The Student Advisory Board aims to give students a place for their voices to be heard

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Sophomore Amant Grewal fell in love with the idea of her voice being heard, a primary factor in why she decided to apply for the Student Advisory Board—run by Superintendent Dan Behm and board president Mary Vonck.

It was important for Amant to join this group for one reason and one reason only.

“I just like the idea of my voice being heard and change being implemented,” Amant said.

Along with helping to get the general opinion of students across to the board, the Student Advisory Board also is a chance for Behm to hear what is and isn’t working at a high school level.

“It’s a whole bunch of students from each high school—actually six students from each high school—[that] get to talk with Dan Behm and Mary Vonck to discuss the opinions of the students so they can have input in the policies of the district,” Amant said.  

The Student Advisory Board differs from other clubs and programs at FHC for a few reasons.

First, there was an application process that most clubs don’t have. It included filling out a google form to answer questions like why you should be picked, and it also included a teacher recommendation. 

You could tell he was listening; he had his pen and paper and was definitely listening to us and asking questions to get a deeper understanding.”

— Roman Kalaczinski

For students like Amant, they heard about it through FX, but senior Ben Lowen heard about the club through students at FHC that had already applied.

The six students involved—Ben Lowen, Roman Kalaczinski, Amant Grewal, Taj Dahillon, Israell King, and Athan Hillman—had their first meeting a little over a week ago. The Zoom-conducted meeting was filled with introductions to students from the other two Forest Hills High Schools as well as some discussions.

“It is an open group in which we are able to share opinions and concerns,” Ben said. “As well as get information from administrators and staff.”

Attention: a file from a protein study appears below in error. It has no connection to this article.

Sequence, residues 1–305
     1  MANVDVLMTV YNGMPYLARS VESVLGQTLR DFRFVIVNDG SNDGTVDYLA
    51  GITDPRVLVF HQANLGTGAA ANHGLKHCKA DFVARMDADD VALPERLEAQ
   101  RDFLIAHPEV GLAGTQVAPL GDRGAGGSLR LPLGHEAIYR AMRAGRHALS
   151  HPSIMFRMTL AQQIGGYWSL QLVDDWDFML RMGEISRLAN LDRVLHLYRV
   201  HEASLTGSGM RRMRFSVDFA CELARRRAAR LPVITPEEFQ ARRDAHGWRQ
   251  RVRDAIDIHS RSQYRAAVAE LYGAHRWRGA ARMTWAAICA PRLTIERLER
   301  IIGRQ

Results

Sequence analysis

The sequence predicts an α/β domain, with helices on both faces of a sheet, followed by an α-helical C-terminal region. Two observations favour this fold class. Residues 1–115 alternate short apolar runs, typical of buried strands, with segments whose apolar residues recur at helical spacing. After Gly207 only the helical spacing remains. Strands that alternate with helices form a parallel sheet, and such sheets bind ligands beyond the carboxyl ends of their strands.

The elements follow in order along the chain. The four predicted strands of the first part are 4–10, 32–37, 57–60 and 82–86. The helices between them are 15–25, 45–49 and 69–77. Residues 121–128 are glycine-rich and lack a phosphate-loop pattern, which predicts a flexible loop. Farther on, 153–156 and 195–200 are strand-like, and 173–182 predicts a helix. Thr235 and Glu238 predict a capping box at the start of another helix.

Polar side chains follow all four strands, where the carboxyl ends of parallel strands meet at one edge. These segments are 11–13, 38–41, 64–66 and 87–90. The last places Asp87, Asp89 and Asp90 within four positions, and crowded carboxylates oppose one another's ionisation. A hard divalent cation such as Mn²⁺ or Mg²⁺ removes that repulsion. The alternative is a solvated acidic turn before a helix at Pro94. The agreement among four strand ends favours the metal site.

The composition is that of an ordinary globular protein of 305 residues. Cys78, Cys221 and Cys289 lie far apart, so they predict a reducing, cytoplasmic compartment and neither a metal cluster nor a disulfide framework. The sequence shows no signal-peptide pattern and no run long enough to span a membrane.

And while not much was accomplished during their first meeting, the students did have one victory: our asynchronous Wednesdays.

Currently, students at all three high schools spend an enormous portion of their time on Zoom each day. After a while, it gets repetitive and begins to strain eyes to the point of aggravation, so the individuals on the board thought it was something worth bringing up.

“We were talking about [how checking in every hour isn’t] exactly working great for some classes because they have the opportunity to be synchronous,” Amant said. “We thought that was a waste of time, and they took that into [consideration].” 

The students on the board feel like having a direct link to our superintendent and president of the board means their ideas and concerns are being listened to.

“I felt like talking directly to Behm, who is our Superintendent, was more effective than talking to our teachers or even [Principal Steve] Passinault,” Roman said. “You could tell he was listening; he had his pen and paper and was definitely listening to us and asking questions to get a deeper understanding.” 

Along with enjoying having his voice heard, Roman loved the meeting for another reason.

“I liked hearing how our sister schools are dealing with the pandemic,” Roman said. “It seems like we are all sharing similar experiences, and it was kind of cool to pick the brains of people who don’t go to my school and who I might not know very well and just hear how their school is handling the same situation we’re in.”

With the unique year FHC has been confronted with alongside the new problems that need to be tackled, every student has an opinion on how things can be improved or what they like about the policies intact now.

“It was important for me to join right now because of the incredibly difficult situation that both our student body and district are in,” Ben said. “Any way that I can help make our transitions and our unprecedented difficulties right now easier is, without a doubt, the most important thing I can do to help our community.” 

The overall goal of the Student Advisory Board is to ensure that every student’s opinion is heard by the district and that the people who the policies affect get to have a say in creating them. 

“I’m just hoping that [I can bring] the problems that I’ve been hearing students talk about,” Roman said, “and the problems that I’ve experienced personally, to our administration and that I can know that I at least made an effort to do my best to help our school,” Roman said.